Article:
In that sense, we have moved on from a “description-based system” to a “feeling-based system”.


How will registration offices manage? How will we, for that matter? 

Although this reform offers broad new perspectives, the “Trade Mark Reform Pack” may present future challenges that we should anticipate: 

  • • Registering trade marks with the competent offices. Deleting the requirement of a graphic representability may prove to be a problem for the competent offices who do not presently have the human and technical means to examine these unconventional requests. As the purpose of registering a trade mark is to make it legally binding on third parties, the latter must imperatively be able to identify the trade mark easily and precisely, and this may be a challenge after the reform. 
  • • The requirement of a distinctive trade mark. One of the main difficulties we may come across upon choosing a smell as a distinctive sign is that smells are closely linked to the product itself (e.g. olfactory trade marks for perfumes or candles). In other words, it may prove impossible to register a trade mark as a non-distinctive sign if the value of the fragrance is deemed to stem from the smell. From that point of view, the impact of the reform may be limited for trade marks on candles, for instance. 
  • Assessing the risk of confusion between trade marks, and risks of counterfeit. Assessing confusion and similarities in something as subjective as a smell could raise the issue of counterfeiting. Furthermore, conflicts between “traditional” and “non-traditional” trade marks would put us at risk in terms of confusion: e.g. how would we solve the potential conflict between the word mark “ROSE”, the olfactory mark “scent of rose” and the figurative mark representing a rose, all for the same products? Could the smell constitute a legally binding anteriority against a word mark? In our opinion, French courts may, in time, hold that position. The same question will arise in assessing and enforcing textures and tactile impressions as trade marks, which could from now on be registered.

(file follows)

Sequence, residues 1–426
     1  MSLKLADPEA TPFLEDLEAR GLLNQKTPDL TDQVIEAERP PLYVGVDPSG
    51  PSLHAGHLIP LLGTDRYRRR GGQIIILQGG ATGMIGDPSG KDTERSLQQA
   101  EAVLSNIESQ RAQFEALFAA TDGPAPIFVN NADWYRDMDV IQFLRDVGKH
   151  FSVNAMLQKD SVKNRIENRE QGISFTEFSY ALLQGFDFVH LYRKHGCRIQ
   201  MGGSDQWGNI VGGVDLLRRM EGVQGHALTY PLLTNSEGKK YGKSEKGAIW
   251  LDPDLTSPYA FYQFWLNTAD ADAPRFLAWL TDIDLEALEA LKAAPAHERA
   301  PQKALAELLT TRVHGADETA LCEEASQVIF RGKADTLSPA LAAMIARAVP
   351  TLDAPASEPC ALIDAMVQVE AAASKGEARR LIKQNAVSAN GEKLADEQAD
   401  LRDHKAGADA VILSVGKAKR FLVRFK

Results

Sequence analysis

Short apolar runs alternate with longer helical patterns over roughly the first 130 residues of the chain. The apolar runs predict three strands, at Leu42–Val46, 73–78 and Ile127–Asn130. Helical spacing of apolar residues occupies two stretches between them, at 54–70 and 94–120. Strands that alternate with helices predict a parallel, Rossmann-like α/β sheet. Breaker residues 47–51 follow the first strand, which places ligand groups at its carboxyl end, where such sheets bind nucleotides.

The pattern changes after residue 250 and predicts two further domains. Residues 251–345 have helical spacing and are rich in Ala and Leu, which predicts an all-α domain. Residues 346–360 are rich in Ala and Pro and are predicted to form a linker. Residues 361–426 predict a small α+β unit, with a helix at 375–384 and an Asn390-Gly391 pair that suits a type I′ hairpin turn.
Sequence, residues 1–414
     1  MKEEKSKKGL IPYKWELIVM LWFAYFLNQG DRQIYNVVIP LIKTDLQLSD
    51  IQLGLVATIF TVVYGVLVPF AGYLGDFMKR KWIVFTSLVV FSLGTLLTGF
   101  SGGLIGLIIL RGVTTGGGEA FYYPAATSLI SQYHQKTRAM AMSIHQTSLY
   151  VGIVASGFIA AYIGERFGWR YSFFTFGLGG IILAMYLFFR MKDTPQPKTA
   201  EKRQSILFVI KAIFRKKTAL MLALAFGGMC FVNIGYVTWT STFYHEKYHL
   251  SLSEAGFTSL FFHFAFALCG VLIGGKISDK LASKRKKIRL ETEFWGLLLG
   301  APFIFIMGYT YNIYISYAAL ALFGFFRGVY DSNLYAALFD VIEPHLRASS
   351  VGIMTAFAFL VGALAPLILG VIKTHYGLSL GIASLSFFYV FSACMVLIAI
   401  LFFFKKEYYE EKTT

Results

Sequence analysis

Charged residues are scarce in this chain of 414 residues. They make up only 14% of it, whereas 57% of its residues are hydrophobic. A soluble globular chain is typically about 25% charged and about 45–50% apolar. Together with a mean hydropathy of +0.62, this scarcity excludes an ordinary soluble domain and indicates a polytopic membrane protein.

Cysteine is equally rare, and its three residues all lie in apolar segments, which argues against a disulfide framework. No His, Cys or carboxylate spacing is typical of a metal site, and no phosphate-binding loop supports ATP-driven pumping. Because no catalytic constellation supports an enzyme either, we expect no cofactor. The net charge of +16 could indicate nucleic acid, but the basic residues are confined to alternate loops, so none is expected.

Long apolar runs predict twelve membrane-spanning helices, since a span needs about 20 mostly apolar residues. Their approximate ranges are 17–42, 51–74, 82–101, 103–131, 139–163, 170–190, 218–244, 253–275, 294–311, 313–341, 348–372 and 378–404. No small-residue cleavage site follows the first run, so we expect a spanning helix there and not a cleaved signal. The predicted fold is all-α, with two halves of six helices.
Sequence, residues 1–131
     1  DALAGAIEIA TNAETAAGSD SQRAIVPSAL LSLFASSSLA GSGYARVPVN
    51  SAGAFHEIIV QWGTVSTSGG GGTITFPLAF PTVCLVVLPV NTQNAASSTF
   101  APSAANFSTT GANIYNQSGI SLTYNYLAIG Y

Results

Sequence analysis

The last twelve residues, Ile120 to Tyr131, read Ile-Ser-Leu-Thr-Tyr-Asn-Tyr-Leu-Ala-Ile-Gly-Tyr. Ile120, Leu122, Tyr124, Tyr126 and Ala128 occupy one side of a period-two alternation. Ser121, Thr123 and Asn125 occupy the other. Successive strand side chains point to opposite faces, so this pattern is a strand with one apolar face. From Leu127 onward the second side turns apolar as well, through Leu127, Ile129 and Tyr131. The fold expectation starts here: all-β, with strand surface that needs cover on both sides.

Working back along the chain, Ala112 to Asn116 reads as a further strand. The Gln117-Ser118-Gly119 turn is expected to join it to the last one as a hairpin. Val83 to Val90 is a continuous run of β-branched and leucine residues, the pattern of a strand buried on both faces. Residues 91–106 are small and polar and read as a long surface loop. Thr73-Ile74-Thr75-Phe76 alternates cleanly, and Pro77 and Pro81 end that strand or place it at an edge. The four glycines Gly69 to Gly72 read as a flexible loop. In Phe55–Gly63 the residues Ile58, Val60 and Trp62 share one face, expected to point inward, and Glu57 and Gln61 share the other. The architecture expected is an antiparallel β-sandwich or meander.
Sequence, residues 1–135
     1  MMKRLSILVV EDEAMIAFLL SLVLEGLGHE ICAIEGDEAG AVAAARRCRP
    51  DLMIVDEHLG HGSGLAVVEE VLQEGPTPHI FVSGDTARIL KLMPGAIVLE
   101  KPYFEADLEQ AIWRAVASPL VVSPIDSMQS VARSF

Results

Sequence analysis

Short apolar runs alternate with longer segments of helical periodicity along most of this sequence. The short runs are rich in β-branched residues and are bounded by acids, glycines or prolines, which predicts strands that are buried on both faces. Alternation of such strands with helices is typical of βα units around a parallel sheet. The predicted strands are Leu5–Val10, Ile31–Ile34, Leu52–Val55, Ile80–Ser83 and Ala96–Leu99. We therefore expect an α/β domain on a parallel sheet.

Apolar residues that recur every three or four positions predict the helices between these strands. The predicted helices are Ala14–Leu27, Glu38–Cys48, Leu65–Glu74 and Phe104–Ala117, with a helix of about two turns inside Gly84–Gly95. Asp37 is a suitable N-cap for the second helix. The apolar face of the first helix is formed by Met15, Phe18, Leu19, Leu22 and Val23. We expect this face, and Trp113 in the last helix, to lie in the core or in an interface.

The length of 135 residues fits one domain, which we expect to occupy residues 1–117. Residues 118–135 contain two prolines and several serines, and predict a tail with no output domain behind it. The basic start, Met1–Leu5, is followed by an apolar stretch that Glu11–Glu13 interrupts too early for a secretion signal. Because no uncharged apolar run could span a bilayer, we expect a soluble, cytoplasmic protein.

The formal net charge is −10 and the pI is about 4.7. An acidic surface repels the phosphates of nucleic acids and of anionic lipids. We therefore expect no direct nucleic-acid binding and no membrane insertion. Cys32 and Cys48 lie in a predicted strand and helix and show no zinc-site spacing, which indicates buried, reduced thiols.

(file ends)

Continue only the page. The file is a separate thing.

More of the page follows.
It seems to us that the impact of this reform is, both a significant opportunity for new registrations and will also require, in time, precise regulating to ensure the monopoly and identity of each proprietor. Should there be any doubt, in the next few years, we should expect to see many trade marks combine, as a precaution, various kinds of registrations available. 

This article was published by The Luxury Lax Alliance on December 2017 


Texts :

  • Directive 2008/95/CE of the European Parliament and of the Council of 22 October 2008 ;
  • Directive (UE) 2015/2436 of the European Parliament and Council of 16 December 2015 to approximate the laws of the Member States relating to trade marks;
  • Regulation (UE) 2015/2424 of the European Parliament and of the Council of 16 December 2015.

Case law:

  • Decision of the Board of Appeal of the OHIM, 11 February 1999, “Smell of Fresh Cut Grass”;
  • ECJ, 12 December 2002, case C- 273/00, Siekmann (Ralf) v Deutsches Patent- und Markenamt.


[1] sumitomo rubber co, GB 2001416

[2] unicorn products, GB 2000234

[3] Décision de la chambre des recours de l’OHMI, 10 février 1999

[4] CJCE, 12 décembre 2002, affaire C- 273/00, Siekmann (Ralf) c. Deutsches Patent- und Markenamt